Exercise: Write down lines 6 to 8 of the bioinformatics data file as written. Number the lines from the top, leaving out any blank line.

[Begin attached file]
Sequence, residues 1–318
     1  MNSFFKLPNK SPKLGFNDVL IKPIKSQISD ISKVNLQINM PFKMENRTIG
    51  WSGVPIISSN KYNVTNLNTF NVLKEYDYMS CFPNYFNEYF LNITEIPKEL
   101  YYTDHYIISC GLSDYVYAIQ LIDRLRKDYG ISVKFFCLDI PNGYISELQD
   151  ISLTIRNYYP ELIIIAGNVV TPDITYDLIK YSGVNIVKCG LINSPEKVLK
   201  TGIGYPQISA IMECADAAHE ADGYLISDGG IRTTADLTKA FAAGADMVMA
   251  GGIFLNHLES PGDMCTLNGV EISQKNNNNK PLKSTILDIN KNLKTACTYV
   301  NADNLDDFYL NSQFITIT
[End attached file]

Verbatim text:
   201  TGIGYPQISA IMECADAAHE ADGYLISDGG IRTTADLTKA FAAGADMVMA
   251  GGIFLNHLES PGDMCTLNGV EISQKNNNNK PLKSTILDIN KNLKTACTYV
   301  NADNLDDFYL NSQFITIT